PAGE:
Their working-class communities have descended into turf wars and gang struggles, their politicians have fallen into name-calling disputes among themselves and their educated elites have disengaged from public life, leaving the city for the security of hedged suburbs or fleeing Northern Ireland altogether. A census out later this year is expected to show the Protestant majority down to 51 percent and the Catholic minority up to 45. "You find tremendous confidence among Catholics and an utter absence of it among unionists," said the Rev. John Dunlop, 62, of the Rosemary Presbyterian Church.
The Northern Ireland peace accord has attracted international notice for boldly tackling a problem emblematic of modern combat – one where nations do not war with other nations, but differing cultural, religious or ethnic groups struggle for shared space within the same boundaries.
Four years later, however, Belfast remains a city with Catholic and Protestant working-class communities demarcated by painted curbs, Irish or British flags and walls bristling with concertina wire and portraying militant murals of masked gunmen pledging the destruction of their enemies – who in Belfast are usually their neighbors. Cease-fires by paramilitary groups put an end to the systematic organized violence that cost 3,600 lives in the three decades before the agreement, but the conflict has moved increasingly into these so-called interface areas of Belfast where, this summer, Catholics and Protestants have plunged their streets into the worst rioting the city has seen in years.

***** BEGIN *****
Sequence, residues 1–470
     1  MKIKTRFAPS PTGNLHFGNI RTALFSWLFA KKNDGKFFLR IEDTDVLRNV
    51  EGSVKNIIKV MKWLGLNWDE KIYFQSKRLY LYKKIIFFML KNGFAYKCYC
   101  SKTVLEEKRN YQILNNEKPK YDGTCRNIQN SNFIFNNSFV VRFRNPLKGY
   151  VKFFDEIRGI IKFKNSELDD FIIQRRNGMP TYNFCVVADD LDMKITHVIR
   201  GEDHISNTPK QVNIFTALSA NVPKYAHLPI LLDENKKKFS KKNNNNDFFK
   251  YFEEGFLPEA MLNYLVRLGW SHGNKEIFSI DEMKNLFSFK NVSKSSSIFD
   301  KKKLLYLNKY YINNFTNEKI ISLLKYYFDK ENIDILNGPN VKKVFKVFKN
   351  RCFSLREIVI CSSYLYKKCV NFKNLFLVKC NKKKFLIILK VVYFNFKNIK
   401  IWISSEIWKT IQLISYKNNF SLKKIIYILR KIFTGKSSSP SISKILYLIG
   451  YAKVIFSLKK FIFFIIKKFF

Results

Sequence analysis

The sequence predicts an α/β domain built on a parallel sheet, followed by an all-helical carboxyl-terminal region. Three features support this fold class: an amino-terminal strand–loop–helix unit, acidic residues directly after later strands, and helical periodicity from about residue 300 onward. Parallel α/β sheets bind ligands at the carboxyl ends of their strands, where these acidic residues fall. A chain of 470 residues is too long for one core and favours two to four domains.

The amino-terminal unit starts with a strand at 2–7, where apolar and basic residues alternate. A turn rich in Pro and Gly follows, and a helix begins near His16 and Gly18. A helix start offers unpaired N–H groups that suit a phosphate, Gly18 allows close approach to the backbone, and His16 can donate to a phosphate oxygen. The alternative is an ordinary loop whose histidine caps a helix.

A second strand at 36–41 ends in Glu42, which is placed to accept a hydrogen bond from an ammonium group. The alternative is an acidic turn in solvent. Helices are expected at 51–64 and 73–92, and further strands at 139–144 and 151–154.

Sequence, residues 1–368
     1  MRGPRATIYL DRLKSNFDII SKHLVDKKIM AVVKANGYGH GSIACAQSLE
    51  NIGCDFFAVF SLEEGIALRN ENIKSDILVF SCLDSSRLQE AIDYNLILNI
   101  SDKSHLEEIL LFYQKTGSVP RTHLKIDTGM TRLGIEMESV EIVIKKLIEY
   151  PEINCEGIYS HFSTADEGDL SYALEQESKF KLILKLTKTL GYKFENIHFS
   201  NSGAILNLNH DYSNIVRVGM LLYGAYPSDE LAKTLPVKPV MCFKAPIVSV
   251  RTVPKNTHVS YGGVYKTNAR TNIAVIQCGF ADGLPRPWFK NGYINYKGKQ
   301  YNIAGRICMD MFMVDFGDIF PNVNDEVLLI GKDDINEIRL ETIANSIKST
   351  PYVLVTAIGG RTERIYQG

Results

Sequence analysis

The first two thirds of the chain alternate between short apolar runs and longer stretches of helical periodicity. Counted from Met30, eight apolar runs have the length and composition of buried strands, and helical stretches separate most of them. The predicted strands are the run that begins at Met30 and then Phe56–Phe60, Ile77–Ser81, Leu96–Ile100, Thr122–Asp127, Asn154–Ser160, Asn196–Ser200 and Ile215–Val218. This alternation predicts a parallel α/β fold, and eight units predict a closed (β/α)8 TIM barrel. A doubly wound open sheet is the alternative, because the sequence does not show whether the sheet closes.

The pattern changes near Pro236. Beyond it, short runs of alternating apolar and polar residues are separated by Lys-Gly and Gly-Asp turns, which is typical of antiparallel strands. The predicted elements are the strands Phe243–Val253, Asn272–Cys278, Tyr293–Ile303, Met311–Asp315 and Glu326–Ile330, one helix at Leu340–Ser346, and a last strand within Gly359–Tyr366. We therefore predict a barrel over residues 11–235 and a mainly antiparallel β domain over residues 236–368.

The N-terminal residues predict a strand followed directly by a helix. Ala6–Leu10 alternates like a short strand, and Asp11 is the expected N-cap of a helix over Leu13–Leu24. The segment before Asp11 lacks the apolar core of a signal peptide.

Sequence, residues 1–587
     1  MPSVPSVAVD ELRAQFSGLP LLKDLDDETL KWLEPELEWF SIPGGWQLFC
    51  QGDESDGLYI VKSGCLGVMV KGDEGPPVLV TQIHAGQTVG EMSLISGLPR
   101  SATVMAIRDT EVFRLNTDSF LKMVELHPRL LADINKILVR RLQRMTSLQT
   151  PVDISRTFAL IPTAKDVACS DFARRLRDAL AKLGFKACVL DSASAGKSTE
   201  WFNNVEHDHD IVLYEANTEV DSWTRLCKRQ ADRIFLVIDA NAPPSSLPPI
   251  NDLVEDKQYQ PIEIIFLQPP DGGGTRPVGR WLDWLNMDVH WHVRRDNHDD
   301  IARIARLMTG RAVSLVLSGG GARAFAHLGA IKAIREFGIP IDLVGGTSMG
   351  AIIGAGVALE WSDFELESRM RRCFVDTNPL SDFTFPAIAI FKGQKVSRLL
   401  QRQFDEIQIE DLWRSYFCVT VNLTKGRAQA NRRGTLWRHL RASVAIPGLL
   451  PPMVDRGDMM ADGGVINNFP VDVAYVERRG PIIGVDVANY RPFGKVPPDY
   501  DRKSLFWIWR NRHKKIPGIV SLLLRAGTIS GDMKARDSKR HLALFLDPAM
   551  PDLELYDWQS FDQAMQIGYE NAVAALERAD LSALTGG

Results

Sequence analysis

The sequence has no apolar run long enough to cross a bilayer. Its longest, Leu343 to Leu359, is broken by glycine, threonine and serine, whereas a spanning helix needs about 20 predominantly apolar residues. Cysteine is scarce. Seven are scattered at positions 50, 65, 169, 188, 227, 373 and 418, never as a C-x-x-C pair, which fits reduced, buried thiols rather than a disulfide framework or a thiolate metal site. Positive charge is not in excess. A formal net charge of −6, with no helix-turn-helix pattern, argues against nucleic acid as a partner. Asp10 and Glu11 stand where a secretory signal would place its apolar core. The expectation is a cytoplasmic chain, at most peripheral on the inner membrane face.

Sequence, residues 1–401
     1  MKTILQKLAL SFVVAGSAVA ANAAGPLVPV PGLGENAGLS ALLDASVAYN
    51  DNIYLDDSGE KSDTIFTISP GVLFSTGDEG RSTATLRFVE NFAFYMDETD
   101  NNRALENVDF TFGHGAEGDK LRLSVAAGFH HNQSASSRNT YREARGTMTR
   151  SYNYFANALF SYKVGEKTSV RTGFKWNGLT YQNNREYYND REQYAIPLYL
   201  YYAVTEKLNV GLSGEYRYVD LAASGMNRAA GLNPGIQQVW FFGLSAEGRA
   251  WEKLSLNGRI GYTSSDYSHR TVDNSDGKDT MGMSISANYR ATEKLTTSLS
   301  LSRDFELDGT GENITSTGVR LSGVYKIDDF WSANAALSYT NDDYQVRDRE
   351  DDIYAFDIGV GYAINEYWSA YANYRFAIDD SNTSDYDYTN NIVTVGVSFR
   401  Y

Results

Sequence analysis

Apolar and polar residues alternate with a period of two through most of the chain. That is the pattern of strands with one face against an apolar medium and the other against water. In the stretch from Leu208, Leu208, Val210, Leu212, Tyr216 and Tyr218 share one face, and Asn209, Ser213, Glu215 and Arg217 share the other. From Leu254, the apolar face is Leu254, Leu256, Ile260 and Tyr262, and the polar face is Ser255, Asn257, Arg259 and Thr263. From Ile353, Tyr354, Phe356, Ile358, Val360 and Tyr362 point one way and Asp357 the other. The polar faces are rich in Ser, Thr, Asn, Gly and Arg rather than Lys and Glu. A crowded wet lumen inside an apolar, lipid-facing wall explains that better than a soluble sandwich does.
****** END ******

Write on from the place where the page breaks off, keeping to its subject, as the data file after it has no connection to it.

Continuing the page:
No one seems to have anticipated how vulnerable the Protestants would come to feel with the Catholic ascendancy, and the great frustration facing pro-agreement Protestants these days is persuading unionists of their own success. "People have forgotten the deep sense of daily annoyance living here used to be," Dr. Dunlop said. "It was magnificent those first days just being able to drive downtown without being stopped at police checks and roadblocks all the time. The problem is that there is a tendency to get used to normality very easily." Chris Gibson, the head of Northern Ireland’s biggest business group, looked out over Belfast’s harbor and marveled at the number of cranes across the horizon and the construction sites along the Langan River where Victorian courthouses and bank buildings are being restored and new office towers are going up.
" There’s been so much progress," he said. "But we can’t convince unionists of it because they are so demoralized and so divided." Dr. Dunlop said he despaired over a new pattern in his neighborhood where Protestants were moving out now that Catholics were moving in. "A Catholic family just down the block told me they hoped Protestants would buy the next property that came on the market. They said, `We came here to get out of a Catholic ghetto, not to create a new one.’ " He added, "If Protestants are not happy living next to Catholics, what future do we have in this land?" Protestants approved the peace accord in a referendum in 1998, but everyone agrees that they would not do the same today.
In what amounts to a new referendum on the matter, Ulster’s voters will elect members of the Northern Ireland Assembly in May 2003, and the fear of pro-agreement politicians is that the disillusioned Protestants will desert the moderate Ulster Unionist party for the hard-liners of the Rev. Ian Paisley’s Democratic Unionist Party, who are pledged to bring down the power-sharing arrangements with Catholics.